This revelation had reverberating effects on my thinking for years to come, and at the time, it had a profound impact on my world view. Everything I had ever been taught about God and life was discarded, for I trusted my own experience more than some “sacred text” written thousands of years ago. This awakening, although unknown to me at the time, was the first stage in my socialist conversion. I had realized that all living things were one, and that human beings were part of nature, not separate from it. I also recognized the fact that even though we were all one species with a common interest, everywhere I looked, humanity was divided: between rich and poor, white and non-white, Christian and Muslim — the divisions were virtually endless.
The next phase of my development involved rebellion. I’ll be the first to admit that my rebellion was more instinctive than deliberate and hence more destructive than constructive. After returning home from Trex, I started to rap and express myself through music, and that’s when I met Courtney (a.k.a. Moses Coleone; I went by Prince Capone), my partner in rhyme and crime. The two of us would become inseparable, and together we would lead a criminal life out of absolute contempt for this society. Courtney was a natural-born leader with a magnetic personality that attracted people to him. Proud, black, and strong, Courtney was the spitting image of manhood, and, just like me, he didn’t take shit from anybody. He never had a spiritual experience like I did, but he had a genuine love for people and an instinctive hatred for capitalism. Our music conveyed the spiritual anguish and alienation we felt as a result of living in a society that places the prerogatives of profit over people, and we found many youths who could relate to what we were saying. “We trapped inside this little home, livin’ like we cursed / Reminiscin’ gettin’ food stamps from my momma’s purse,” we rapped in one of our songs “Nuthin’ 2 Lose.”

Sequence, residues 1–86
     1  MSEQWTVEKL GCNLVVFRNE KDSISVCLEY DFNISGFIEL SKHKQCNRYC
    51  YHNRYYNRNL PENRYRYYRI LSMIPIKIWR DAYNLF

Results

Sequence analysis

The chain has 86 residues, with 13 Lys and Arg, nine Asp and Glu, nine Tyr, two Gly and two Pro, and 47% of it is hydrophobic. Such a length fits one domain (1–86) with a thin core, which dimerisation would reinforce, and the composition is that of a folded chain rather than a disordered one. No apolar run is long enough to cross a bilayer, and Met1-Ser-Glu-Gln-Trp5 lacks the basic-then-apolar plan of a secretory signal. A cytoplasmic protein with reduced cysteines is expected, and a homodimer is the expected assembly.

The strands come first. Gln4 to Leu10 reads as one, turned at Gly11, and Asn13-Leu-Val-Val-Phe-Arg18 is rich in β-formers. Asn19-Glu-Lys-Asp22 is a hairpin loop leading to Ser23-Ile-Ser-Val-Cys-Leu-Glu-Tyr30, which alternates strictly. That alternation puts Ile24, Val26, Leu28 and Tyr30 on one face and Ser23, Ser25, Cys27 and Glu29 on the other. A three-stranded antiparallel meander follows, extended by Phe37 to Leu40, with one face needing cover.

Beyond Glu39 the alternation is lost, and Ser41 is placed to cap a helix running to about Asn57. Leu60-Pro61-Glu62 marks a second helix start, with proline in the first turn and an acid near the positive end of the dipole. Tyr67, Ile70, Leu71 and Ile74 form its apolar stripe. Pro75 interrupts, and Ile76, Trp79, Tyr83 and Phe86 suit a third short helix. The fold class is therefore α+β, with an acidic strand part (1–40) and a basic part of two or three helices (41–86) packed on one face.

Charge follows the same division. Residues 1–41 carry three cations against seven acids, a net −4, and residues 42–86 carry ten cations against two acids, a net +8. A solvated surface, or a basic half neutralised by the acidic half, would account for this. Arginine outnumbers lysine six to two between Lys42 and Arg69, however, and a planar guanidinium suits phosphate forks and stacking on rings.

We used most of the money we made from our album sales to buy large amounts of weed and alcohol. We’d spend most of our time outside the studio, riding around in C’s broken-down Colt, trying to pick up new women, provoking fights with whoever looked at us sideways, or criminal enterprising in some way. One of our favorite pastimes was harassing police officers, taunting them and calling them “pigs” until they reacted in a piggish manner. We would always confront the law with uncompromising defiance and zealous hostility. Eventually we recruited a few other hopeless youths into our ranks and formed a pseudo-criminal organization. Reggie was the youngest one of us, and he personified the hopeless teenager most completely. His mom was dead and his dad was a crack-head. He was “raised” strictly by pimps and prostitutes, hustlers and gangsters. This was the only life he would ever know.